Whole Grains, Defined
A grain is considered a whole grain when it contains the entire grain seed: the bran (the fibrous outer layer), endosperm (the starchy interior layer), and germ (the seed’s reproductive kernel). In contrast, refined grains (e.g., white flour, white bread, white rice) are milled, a process that removes the bran and germ and pulverizes the endosperm.
By Maria Oldham
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Then and Now
At one time, all of the grains people ate were whole grains—they came directly from the stalk, packed with vitamins, minerals, fiber, and other essential nutrients. Today’s process of refining wheat strips the most important ingredients from the grain. That’s why a healthy amount of whole grains can be helpful to our diet.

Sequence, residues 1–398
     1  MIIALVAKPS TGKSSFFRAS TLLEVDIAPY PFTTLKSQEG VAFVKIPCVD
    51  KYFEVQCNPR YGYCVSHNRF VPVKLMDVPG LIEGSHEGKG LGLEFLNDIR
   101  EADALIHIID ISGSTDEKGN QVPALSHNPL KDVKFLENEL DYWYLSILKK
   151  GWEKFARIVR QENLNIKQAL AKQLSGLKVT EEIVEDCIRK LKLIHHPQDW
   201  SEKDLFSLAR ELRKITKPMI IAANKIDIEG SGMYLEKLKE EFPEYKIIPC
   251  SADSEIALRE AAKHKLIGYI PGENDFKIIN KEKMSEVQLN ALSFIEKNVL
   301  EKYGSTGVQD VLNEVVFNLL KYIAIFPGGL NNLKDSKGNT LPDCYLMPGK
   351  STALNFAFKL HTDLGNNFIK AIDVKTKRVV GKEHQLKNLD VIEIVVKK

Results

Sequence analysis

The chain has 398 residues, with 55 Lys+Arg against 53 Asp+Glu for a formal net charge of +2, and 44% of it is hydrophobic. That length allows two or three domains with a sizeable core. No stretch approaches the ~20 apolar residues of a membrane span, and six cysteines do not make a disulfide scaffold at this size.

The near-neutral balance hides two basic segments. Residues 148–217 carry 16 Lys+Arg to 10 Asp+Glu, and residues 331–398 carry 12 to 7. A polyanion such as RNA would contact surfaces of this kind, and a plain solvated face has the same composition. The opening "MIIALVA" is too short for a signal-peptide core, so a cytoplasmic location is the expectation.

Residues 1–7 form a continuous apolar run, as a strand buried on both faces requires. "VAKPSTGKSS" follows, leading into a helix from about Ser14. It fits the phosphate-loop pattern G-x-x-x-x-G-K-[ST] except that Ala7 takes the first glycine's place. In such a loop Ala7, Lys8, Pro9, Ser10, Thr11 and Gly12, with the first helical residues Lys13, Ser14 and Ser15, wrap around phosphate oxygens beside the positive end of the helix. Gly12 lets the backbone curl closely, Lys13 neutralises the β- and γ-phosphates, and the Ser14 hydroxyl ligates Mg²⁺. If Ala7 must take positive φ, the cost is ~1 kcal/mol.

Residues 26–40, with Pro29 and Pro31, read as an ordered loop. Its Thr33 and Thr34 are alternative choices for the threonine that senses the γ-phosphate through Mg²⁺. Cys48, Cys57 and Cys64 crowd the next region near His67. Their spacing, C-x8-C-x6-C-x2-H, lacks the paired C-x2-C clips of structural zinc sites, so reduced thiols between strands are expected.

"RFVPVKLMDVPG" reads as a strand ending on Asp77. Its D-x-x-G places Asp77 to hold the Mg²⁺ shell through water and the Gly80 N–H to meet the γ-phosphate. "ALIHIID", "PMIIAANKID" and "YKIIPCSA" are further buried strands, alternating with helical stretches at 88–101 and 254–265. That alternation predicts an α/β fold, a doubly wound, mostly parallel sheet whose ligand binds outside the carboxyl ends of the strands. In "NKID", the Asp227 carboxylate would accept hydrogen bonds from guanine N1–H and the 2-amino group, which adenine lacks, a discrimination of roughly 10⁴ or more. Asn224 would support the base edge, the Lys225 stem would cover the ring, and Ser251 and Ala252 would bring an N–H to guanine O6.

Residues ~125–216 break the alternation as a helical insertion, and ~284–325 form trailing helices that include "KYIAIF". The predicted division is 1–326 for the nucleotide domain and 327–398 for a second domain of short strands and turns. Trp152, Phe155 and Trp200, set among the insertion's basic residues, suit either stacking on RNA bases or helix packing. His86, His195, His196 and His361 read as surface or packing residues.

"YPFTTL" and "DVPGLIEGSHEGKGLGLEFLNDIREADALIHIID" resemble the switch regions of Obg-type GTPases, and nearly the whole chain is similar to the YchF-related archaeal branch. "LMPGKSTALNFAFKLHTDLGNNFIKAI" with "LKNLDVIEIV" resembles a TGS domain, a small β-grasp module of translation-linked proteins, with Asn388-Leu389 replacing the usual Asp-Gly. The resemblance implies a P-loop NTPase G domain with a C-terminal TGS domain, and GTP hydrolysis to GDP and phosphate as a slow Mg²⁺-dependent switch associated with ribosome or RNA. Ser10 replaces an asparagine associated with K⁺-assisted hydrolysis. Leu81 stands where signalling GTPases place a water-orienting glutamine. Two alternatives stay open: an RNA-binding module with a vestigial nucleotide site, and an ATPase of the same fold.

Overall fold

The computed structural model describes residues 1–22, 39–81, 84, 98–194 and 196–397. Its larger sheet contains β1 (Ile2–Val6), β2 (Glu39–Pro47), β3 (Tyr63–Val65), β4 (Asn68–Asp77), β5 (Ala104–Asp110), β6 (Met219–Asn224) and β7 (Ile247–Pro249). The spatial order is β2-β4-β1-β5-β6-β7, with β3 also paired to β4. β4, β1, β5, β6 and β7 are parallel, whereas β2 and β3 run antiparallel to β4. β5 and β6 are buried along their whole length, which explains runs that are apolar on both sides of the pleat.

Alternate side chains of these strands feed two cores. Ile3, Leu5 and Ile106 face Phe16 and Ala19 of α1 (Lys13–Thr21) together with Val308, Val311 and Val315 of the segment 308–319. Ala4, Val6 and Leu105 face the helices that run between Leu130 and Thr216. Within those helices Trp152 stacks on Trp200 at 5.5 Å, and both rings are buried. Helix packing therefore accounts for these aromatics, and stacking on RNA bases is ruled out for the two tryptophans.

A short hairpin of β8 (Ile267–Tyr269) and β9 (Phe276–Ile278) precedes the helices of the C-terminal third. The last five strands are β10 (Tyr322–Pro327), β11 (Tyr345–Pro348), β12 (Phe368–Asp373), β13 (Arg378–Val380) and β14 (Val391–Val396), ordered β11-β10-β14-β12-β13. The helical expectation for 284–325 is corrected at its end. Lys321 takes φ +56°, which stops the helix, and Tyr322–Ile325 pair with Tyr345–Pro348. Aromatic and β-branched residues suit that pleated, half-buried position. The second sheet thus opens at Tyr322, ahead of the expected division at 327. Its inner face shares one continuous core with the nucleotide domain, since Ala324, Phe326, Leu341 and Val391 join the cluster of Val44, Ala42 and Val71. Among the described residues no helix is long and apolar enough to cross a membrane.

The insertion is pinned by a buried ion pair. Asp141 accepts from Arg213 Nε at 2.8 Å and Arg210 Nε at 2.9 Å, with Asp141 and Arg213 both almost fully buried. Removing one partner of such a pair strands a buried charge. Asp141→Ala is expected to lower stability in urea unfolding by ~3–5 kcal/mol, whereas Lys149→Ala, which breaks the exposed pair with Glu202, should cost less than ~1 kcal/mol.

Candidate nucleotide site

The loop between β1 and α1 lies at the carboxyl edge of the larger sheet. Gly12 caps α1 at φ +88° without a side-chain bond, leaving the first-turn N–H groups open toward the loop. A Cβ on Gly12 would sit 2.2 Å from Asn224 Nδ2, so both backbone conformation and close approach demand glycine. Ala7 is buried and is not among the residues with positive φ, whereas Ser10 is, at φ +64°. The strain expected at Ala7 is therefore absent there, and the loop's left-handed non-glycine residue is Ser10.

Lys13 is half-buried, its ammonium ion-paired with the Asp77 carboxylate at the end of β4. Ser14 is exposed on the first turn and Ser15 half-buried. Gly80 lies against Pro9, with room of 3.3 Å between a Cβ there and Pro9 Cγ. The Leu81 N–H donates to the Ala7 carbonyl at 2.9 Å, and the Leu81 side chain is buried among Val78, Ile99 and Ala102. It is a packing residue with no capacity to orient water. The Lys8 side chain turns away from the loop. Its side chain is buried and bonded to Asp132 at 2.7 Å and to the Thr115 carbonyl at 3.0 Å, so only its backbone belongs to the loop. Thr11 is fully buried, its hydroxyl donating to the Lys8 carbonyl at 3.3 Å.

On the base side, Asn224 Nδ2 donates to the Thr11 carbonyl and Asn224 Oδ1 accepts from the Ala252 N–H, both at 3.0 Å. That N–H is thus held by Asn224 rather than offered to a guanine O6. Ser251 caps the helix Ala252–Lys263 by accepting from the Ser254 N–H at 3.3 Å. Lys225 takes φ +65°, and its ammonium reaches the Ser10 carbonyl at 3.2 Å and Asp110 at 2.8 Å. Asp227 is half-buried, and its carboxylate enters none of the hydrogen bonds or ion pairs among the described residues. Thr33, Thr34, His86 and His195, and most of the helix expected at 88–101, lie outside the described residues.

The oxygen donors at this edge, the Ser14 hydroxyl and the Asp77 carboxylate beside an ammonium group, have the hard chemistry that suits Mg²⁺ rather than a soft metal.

Where can I find them?
You can make sure a product labeled “whole grain” is really whole grain by looking at the first few ingredients. Do they include the word “whole”? If so, it’s probably a safe bet. You can also look for The Whole Grain Council’s yellow-gold “Whole Grain Stamp.”
What can whole grains do for me?
Whole grains include a variety of important nutrients, including protein, fiber, iron, magnesium, phosphorous, zinc, copper, manganese, selenium and B vitamins. All play an essential role in our body’s everyday functions. These nutrients help absorb calcium, maintain a strong immune system, transmit nerve impulses, produce melanin, digest food, regulate body temperature, blood pressure, thyroid function, and heart rate, and maintain healthy skin, hair and muscles. Whole grains have also been shown to reduce the risk of stroke, type 2 diabetes, and heart disease.